There seemed to be a clash of interests – on the one hand, people like me who know and love her older stuff like, “Final Distance”, and “Colours”, or even songs off her most recent Japanese album with songs like “Prisoner of Love” and “Flavour of Life” were to be disappointed with a set constructed almost entirely around her new album “This is the one” and her other, less well-known and less promoted, English language recordings. On the other hand, she needed to promote her new record. The problem was that there was an mis-assumption that people in Britain and America would prefer to hear her English stuff and not Japanese songs.

Of course the aforementioned “First Love”, “Automatic”, and “Sakura Drops” all made appearances to my great relief, but for me there seemed to too many forgettable tracks as filler and not so much killer.

On the up-side, she really does have a beautiful voice, and the soulfullness really came through on the Bjork-esque “Passion”, and the heartfelt “Stay Gold” and “Come Back to me”. “You make me want to be a man” and “Poppin'” sounded ten times better live than on record even as a couple of my least favourite tracks.  “Merry Christmas, Mr. Lawrence” was another highlight,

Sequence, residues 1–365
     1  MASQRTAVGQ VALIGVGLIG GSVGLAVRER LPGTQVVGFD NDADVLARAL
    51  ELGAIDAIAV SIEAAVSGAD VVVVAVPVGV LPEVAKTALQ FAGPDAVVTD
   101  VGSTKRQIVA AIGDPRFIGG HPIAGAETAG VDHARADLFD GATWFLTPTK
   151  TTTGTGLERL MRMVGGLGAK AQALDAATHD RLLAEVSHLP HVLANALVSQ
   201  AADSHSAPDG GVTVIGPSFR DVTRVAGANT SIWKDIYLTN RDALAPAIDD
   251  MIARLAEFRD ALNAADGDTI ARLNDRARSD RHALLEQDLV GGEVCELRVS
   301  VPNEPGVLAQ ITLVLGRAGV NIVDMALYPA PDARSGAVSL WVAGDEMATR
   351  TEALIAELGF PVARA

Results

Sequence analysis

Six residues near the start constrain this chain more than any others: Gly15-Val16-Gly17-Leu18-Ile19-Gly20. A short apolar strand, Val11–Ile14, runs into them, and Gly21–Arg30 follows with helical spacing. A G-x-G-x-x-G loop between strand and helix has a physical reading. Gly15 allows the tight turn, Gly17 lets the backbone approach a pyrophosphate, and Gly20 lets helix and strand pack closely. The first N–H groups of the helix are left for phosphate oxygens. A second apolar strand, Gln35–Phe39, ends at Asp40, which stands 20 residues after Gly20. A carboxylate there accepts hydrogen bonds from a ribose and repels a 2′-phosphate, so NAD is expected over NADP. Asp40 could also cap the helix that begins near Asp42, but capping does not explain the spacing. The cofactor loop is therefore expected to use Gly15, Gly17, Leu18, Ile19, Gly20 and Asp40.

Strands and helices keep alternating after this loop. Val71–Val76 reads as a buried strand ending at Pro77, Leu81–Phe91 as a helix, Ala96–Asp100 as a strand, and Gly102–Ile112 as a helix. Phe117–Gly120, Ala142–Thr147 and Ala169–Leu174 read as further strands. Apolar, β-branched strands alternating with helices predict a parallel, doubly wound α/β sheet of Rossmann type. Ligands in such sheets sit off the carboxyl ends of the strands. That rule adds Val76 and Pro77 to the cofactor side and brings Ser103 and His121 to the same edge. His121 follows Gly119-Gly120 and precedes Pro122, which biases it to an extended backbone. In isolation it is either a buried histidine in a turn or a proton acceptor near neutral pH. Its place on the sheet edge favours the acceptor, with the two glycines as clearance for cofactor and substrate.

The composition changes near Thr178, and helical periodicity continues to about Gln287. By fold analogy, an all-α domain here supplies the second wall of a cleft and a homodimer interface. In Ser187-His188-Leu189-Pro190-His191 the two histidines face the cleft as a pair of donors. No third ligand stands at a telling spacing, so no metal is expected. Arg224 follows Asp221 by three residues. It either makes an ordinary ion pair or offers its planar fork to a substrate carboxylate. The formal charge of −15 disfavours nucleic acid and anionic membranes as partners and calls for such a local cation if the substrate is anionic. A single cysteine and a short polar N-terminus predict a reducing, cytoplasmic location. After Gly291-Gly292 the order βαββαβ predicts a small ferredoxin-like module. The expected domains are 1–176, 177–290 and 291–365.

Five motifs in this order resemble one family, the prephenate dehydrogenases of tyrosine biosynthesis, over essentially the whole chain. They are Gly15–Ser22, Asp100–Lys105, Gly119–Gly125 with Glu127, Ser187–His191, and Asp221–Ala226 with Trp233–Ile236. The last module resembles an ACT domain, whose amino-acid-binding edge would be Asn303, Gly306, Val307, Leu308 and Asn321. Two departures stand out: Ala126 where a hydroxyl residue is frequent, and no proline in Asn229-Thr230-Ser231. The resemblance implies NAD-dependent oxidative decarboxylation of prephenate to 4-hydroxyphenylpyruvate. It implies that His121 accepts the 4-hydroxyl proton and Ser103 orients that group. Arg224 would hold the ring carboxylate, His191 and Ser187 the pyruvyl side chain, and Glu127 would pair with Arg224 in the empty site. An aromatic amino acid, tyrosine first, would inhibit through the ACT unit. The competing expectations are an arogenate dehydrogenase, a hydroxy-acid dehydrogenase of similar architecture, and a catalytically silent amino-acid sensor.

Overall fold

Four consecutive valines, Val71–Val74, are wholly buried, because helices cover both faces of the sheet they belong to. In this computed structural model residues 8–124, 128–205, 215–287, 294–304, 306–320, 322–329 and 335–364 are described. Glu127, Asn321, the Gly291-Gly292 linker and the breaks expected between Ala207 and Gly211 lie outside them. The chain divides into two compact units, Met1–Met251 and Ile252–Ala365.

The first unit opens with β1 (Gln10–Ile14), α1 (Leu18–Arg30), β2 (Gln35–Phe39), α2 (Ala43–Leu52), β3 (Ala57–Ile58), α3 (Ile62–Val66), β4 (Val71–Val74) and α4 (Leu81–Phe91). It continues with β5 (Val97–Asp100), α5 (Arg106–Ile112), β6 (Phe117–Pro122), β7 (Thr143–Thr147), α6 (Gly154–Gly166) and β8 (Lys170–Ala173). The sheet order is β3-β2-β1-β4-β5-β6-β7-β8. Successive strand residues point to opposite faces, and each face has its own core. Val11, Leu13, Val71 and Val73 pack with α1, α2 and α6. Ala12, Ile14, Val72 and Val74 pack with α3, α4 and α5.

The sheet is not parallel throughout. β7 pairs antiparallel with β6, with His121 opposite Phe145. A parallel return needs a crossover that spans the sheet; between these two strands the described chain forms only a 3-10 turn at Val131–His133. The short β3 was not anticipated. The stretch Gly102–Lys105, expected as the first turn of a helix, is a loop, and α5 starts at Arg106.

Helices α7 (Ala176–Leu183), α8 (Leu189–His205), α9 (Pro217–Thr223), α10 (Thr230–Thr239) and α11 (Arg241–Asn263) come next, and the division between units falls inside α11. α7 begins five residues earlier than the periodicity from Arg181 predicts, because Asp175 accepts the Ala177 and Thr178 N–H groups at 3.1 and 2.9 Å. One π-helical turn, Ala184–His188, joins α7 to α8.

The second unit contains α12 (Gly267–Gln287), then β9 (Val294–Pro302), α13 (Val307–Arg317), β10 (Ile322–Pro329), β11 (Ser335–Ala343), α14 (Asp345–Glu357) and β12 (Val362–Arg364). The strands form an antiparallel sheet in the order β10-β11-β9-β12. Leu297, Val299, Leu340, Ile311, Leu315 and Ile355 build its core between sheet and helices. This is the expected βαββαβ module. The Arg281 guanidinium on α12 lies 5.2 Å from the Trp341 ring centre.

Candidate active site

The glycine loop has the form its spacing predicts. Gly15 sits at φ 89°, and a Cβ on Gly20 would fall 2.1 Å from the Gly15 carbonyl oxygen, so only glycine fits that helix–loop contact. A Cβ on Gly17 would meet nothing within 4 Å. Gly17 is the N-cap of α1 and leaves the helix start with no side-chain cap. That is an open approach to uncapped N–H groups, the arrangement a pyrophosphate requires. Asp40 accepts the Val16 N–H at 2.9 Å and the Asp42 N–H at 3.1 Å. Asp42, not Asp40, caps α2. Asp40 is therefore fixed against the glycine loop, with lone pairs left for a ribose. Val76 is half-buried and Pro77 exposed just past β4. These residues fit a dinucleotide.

Over the 10 years she has been around, she has developed her own unique style and her ability to pull off different styles such as the funked up “Automatic” and she even managed to hold her own while doing a rather unexpected cover of Placebo’s “The Bitter End”. What I had expected to come off as tinny-electronically engineered pop really came alive with the aid of the backing band.

Overall, it was a very slick production, even if Utada did seem a little tired from all the touring. I would have given it 5 stars if she had paid homage to her Japanese records a little more, but that is just personal preference, it was never advertised as a “Greatest Hits tour”. She really was a good performer and it was great to see and hear her talent in the flesh. I, for one, really hope she comes back to London in the future.

Advertisements

Read Full Post »

Q: What is Para-Para?

A: It is a style of dancing which is very popular amongst young people in Japan.

YOU NEED TO WATCH THIS VIDEO TO UNDERSTAND!